10 reasons why spike strips aren’t used to stop wrong-way drivers

With more than a dozen deaths in the last four years from wrong-way crashes in the Dayton area, officials are looking for ways to stop wrong-way drivers before the situation turns fatal.

While the Ohio Department of Transportation is increasing signage and coming up with new technology to help alert drivers that they’re traveling the wrong way, there’s one method they aren’t exploring: spike strips.

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It might seem like a simple solution to some people, but according to Matt Bruning, ODOT press secretary, it just doesn’t work.

“These are not parking lots at a rental location where you're cruising in at 5 miles per hour and you might get a thousand vehicles a day,” he said. “We’re talking in some cases tens of thousands of vehicles and they’re usually doing 25, 35, 40 miles an hour on that ramp to get up to speed.”

He added that Ohio’s climate would make the spikes inefficient. With ice, snow and other debris, the spikes wouldn’t work.

Bruning also cited a study by the Texas Department of Transportation that listed 10 reasons why spike strips don’t stop wrong-way drivers.

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The study listed the following reasons the ramps won’t work on highway ramps:

1) Spike strips are designed for very low-speed locations.

2) They do not deflate tires quickly enough to prevent  vehicle from entering the highway.

3) During testing, the spikes broke, leaving stubs that damaged the tires of right-way vehicles.

4) Right-way drivers seeing spike strips in the pavement ahead see them as a hazard and hit  their brakes, creating a dangerous situation.

5) Freezing temperatures may prevent the spikes from folding down when driven over in the right direction.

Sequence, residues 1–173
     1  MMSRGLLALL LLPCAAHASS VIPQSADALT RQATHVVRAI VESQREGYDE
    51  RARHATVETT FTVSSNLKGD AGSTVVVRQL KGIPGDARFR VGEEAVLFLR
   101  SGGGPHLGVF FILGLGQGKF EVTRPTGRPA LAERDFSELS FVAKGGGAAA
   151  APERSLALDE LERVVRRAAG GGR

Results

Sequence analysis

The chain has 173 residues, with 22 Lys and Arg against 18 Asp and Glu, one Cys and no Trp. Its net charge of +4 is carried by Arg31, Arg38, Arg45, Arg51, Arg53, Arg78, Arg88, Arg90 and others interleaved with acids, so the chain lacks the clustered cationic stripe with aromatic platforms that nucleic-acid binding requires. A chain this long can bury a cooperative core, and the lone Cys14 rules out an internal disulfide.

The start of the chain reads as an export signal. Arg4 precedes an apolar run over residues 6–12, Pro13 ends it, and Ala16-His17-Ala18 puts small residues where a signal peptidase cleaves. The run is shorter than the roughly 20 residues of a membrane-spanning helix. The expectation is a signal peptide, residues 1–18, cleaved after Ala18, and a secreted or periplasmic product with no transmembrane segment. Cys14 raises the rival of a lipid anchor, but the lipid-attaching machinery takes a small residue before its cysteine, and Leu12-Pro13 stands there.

6) Dirt, debris and other substances build up in the devices, keeping the spikes from fully folding down as intended.

7) The metal surface of the spike strips would be a hazard during rain, mist and ice conditions, due to the lack of traction.

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8) Even while working, spike strips are dangerous to motorcycles and small cars traveling in the right direction.

9) Because no commercially available spike strip system exists that has been designed for permanent installation on roadways with speeds greater than 5 mph, the cost to pursue this would be extremely high.

10) All traffic control devices installed on highways must be in compliance with the Manual of Uniform Traffic Control Devices. Due to the risk of damaging vehicles traveling in the correct direction and the associated injuries and fatalities for occupants of right way vehicles, such devices are not MUTCD-compliant.

On Wednesday, July 31, News Center 7's John Bedell is taking a closer look at wrong-way crashes in the Miami Valley and will show you what it looks like to drive the wrong way. Tune in at 5 p.m. for more details.

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